Proteins are the essential molecules needed for growth and repair of muscle and other body tissues. They are considered to be the building blocks of the body and are necessary to help increase lean muscle mass and overall health. They are found in almost all food sources in some quantity, but most exceptionally in animal meats, dairy products, eggs, nuts, vegetarian proteins, and some vegetables.
The term protein just serves as an umbrella name for all amino acids, which chemically each contain an amine group (nitrogen), carboxylic acid (carbon and oxygen), and a specific side chain to each amino acid which can contain elements such as nitrogen, carbon, oxygen, and alcohols. An amino acid becomes a protein when a polypeptide is formed by the linking of multiple amino acids. Protein food sources are either considered a complete or incomplete protein. Complete proteins contain all the essential amino acids that the body needs and cannot make itself, while incomplete do not contain all our essential amino acids. All animal protein sources, soybeans, and quinoa are complete proteins. By pairing two incomplete proteins, such as a legume and a grain, you can create a complete protein. The most common meal this is demonstrated in is black beans (a legume) and rice (a grain).
A special group of amino acids are BCAAs, or branches chain amino acids: leucine, isoleucine, and valine. These are a very popular supplement and manufacturers make a big deal of out how much BCAAs are in their product. Luckily, these same BCAAs are found in large quantities in animal products, especially red meat. Branches chain amino acids are the most essential protein for muscle growth, providing 35% of the protein in muscle and 40% of protein performance in mammals. There is also a possible correlation shown in a recent study of blood BCAAs in improving blood sugar regulation, which may help in the prevention and cure of diabetes once the mechanisms are discovered.
There is a large debate on how much protein to eat daily. Studies have differed largely with some concluding as low as .3 g/lb/day (grams of protein, per pound, per day) and others as high as 1.5g/lb/day. The RDA (recommended daily allowance) for protein is set at .8 g/kg/day which equates to about .4 g per pound. A large amount of studies however set this number much higher in people performing endurance and strength training activities due to the increased need for protein synthesis (rebuilding) in the muscle tissue. These studies range from .4 g – 1.5 g per pound, with .4 g being for recreational exercisers, .6 g for people exercising daily, .8 g for highly trained athletes, and the larger amounts for body builders. Your perfect amount of protein all depends on your daily activity, level of training, and fitness goals.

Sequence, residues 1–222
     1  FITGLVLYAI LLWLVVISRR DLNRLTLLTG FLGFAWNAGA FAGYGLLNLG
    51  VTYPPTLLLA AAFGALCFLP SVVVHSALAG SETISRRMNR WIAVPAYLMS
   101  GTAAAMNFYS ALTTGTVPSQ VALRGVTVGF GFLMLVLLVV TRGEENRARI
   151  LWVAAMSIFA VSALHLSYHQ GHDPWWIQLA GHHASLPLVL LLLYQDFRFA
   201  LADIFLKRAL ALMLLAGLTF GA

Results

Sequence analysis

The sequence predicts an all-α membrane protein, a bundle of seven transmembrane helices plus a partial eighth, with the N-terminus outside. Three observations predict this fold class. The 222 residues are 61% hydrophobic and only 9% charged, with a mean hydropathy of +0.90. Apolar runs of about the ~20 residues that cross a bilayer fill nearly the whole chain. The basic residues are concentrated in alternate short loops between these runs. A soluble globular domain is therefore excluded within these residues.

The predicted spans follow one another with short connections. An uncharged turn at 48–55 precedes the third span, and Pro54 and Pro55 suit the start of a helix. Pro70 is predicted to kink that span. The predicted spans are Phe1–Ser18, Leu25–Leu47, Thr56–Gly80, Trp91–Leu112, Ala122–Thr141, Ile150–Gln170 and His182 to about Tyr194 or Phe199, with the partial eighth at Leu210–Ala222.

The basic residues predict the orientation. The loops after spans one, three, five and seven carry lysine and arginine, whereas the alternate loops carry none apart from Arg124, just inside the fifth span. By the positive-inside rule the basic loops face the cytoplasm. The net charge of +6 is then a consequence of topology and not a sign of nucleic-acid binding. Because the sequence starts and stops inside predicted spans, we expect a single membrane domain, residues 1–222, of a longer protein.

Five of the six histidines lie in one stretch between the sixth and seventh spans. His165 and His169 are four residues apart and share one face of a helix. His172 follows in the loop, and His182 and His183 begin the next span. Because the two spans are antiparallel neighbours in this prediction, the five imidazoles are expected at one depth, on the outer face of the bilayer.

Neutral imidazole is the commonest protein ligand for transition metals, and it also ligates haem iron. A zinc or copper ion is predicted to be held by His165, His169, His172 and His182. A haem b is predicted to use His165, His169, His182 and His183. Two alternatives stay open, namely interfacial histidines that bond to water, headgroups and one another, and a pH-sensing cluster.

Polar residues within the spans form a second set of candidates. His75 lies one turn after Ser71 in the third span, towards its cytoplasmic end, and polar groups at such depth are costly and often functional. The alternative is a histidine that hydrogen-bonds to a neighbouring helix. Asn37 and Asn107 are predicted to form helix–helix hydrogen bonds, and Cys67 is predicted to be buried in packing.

Check back soon for the continuation of Nutrition 101 featuring all you need to know about fats, carbohydrates, vitamins, and minerals.
By Sean Spire – a fitness professional, specializing in athletic development, weight loss, post-rehabilitation, and the geriatric population. With a degree in Exercise Science from Florida State University where he was a scholarship athlete in swimming, he currently resides in South Florida where he pursues his passion – helping people live life the way it is meant to be lived. More articles and tips can be found on Sean’s blog – http://www.aspirefitnessandhealth.com/
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